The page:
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In our Adversarial Complaint to the Bankruptcy Court, Adv Pro. 06-1225-EEB filed against Case No. 05-40334-EEB, we stated:

The divorce of Barbara Robbins went into effect on or about May 5, 2003. However, the settlement agreement took much longer. As part of her divorce settlement decree (02-DR-3915), dated July 15, 2004, Barbara Robbins received a $10,000 spousal maintenance immediately and $833 a month for twelve months (see Attachment 16g, Page 2, "Article 2A"). Upon questioning at the December 16, 2005 Meeting of Creditors, when asked by Ms Martinez if she had received alimony or maintenance from her divorce in 2003, Barbara Robbins replied "No. Just the truck." The follow-up question was "Anything else?" Barbara Robbins stated "$800 or so". At this point the tape recorder tape had to be changed. The last question was repeated. Barbara Robbins replied she got $800 a month for twelve months starting she believed in late 2003. She actually received the support payments of $833 a month beginning in August 2004 ($4,165 for five months of 2004) and a lump sum payment of $10,000 in August 2004. The lump sum payment was not admitted by her and it was not on the bankruptcy filing as income under 2 of the "Statement of Financial Affairs". She later acknowledged the $10,000 lump sum after direct questioning by Karen Dudnikov. In a later question, did she receive spousal maintenance from Douglas Robbins after July 2004, she replied, "No". Was she awarded something after July 2004? She replied a trailer that she believed to be in Texas. She again lied about not receiving spousal maintenance which she did receive. How could she not remember the alimony from just a year earlier?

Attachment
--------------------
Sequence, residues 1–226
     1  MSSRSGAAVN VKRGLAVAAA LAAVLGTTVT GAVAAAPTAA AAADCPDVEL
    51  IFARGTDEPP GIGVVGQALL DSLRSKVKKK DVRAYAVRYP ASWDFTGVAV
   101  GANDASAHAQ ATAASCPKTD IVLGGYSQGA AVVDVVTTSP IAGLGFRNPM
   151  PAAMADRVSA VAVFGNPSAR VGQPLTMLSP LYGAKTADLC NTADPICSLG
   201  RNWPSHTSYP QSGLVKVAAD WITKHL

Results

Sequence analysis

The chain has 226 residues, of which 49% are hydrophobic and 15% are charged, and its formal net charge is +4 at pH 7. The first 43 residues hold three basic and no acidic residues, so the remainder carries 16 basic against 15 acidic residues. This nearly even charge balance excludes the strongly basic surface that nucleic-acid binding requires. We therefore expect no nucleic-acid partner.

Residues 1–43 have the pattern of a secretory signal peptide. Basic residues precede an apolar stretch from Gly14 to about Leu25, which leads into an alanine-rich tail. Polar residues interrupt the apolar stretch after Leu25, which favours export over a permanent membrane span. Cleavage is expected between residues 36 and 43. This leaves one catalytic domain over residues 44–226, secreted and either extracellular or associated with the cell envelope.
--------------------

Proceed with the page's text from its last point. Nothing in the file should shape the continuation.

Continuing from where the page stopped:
Spousal Maintenance is deductible from the income of the party paying it and has to be declared as income to the party receiving it. Since the ex-husband of Barbara Robbins was almost certain to claim the spousal support as an income deduction, along with him listing the social security number of the recipient, it is unlikely she would attempt to deceive the Internal Revenue about the fact she had received it. However, it seems a reasonable conclusion that if she deliberately omitted listing the spousal support under 2 "Income Other" on the "Statement of Financial Affairs", she would have provided the Bankruptcy Trustee with a 2004 tax return that did not show the spousal maintenance received in 2004. In either event, she has lied to someone.

Not to out done, Barbie's response to the Bankruptcy Court was that the money she received from Doug was her "share of business proceeds" and not spousal maintenance, and that if her husband attempts to deduct it from his taxes she will fight it.

In our reply we state:

Debtor refers to the monies received from her divorce as her "share of business proceeds" (see Response #2 3b), however the settlement agreement signed by her on July 9, 2004, specifically refers to the money as "Spousal Maintenance" under Article Two on page 2 (see Memorandum Attachment 16G, page 2). Spousal maintenance is income. Regardless of what Debtor claims, the Court document, which she signed and had notarized, plainly states it is spousal maintenance which makes it Spousal Maintenance.

In addition, the Separation Agreement stipulates that:

"The Husband's obligation to pay spousal maintenance shall earlier terminate upon the Wife's death, the Wife's remarriage or the Husband's death, whichever may occur first". (see Memorandum Attachment 16G, page 2).

A repayment of a business debt would not cease because the other party got remarried. This is deliberate income tax evasion on the part of the Debtor, currently an enrolled agent.

Debtor was able to properly remember when she sold the truck she received as part of her "Separation Agreement" but not the money? She was receiving monthly Spousal Maintenance checks for twelve months up to July, 2005, a mere three months before filing for bankruptcy and she couldn't remember them? But she claims she "incorrectly placed the settlement date in 2003" (see Response #2 3b) and she is a certified tax account who keeps records? She didn't incorrectly place them, she deliberately omitted them.

She has admitted in court documents she knowingly did not claim the spousal maintenance she received. Barbie, that's income tax evasion.

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